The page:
Tomato Sauce

tomato-sauceAfter a family dinner last summer my daughter, Megan Anna, told me I should write down my tomato sauce recipe.  I’d been making sauce that afternoon and we used it in supper to top our polenta with sauteed broccoli and tromboncini squash.

My sauce is always a bit of this and a bit of that so I found writing instructions down a bit of a challenge–but here is my best attempt.   It is good enough to eat straight out of the jar, though I try to resist the urge and at least use it to make Garden Tomato Soup–which is essentially my sauce warmed up with some added evaporated milk, 2% or a dash of half-n-half.  

This recipe made 18 pints.  Adjust according to how many tomatoes you have available. You’ll likely want to measure it again after draining so you have a good idea of your tomato to Everything Else ratio.

Tomato Sauce Directions:

Blanch, then cool in an ice bath, about 4 gallons (16 quarts) of tomatoes (which, if you care to know, is about 1/2 a bushel).  If you have choices in your tomatoes, look for Paste tomatoes, like Roma or Juliette. These varieties are meatier and have less water in them.  Let the tomatoes drain in a colander after peeling them.  Draining the juice before cooking shortens cooking time and gives you some Really Tasty tomato juice besides.  Pour the juice into a quart of 1/2 gallon jar and refrigerate it a while to separate the water and juice further.  Pour off the water and wa-laa, you have a marvelous fresh tomato juice.  I drink a glass and offer Mark one, and then, because we are not big tomato juice drinkers, I freeze the rest in cubes to use as stock later on.juice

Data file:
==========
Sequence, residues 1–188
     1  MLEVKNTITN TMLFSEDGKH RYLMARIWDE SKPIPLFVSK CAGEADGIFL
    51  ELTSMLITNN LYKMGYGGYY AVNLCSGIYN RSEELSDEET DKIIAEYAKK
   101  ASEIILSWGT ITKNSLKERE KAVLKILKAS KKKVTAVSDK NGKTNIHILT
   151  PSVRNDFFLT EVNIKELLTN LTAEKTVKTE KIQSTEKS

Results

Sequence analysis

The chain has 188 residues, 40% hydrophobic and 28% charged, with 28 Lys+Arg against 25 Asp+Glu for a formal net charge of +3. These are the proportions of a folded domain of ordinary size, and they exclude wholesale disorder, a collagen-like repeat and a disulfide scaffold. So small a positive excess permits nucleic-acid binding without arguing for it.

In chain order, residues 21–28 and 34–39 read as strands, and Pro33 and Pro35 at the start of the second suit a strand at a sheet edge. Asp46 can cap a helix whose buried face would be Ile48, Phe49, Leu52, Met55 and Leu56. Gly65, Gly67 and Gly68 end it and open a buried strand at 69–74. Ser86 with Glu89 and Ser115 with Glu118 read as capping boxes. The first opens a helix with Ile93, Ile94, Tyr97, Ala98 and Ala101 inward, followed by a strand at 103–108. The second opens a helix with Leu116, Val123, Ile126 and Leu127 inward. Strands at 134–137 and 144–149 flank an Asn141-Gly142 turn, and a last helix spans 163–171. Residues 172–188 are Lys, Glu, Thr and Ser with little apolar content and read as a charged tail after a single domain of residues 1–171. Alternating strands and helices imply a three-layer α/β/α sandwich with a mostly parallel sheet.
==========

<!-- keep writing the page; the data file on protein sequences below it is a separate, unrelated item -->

You’ll have about 12 quarts of tomatoes after discarding skins and draining off juice. In a large soup kettle begin to cook down the tomatoes on medium heat, being sure not to scorch the bottom.  Turn down and simmer once tomatoes start bubbling.  Cook uncovered for about an hour.  Meanwhile, chop a bunch of garlic (maybe 10-12 cloves) and 4-5 large onions.  Saute these in about 3/4 c. oil.  Once onions are translucent, add to tomatoes, along with about 3 c. of red wine, 5 Tbsp. salt, 1 Tbsp. pepper, 1-2 Tbsp. sugar, a chopped up jalepeno or cayenne pepper including the seeds (amount depends on how spicy you like tomato sauce–you could omit this entirely) and a bunch of chopped up oregano and/or basil and thyme (approx. 1/2 c. fresh). Cook for another hour or so until you have the consistency you desire.  Taste and adjust seasonings as needed. That means, salt and pepper on the light side the first time, because making it saltier is decidedly easier than making it less salty!

Eat some that night with dinner, even if you are eating it out of a custard cups as an appetizer.

Pressure can the rest.  Use clean jars free of nicks, and new lids.  Put jars, rings and lids in a sink of hot water to warm up before filling with the hot tomato sauce.  Wipe rim, screw on lids, and pressure can pints for 15 minutes at 11 pounds of pressure.


  • very nice. I’ll add in a few tidbits of southern italian wisdom that we’ve distilled from my grandmother over the years.

    * Add tomato paste to the translucent onions and cook a few minutes to rust the oil. Caramelizing some tomato is a depth of flavor thing.
    * Add fennel if that’s your sort of thing
    * Its best with lots of olive oil. You can skin it from the top of the finished sauce if you think its too much. Now you have delicious oil to season cooked vegetables.

    • I used to add tomato paste but it felt like cheating–the short-cut to thicker sauce. But you make it sound more purposeful–and I can definitely imagine how caramelizing some tomato would add depth of flavor. Thanks for adding these pieces, Chris. I love keeping our grandmother’s wisdom circulating.

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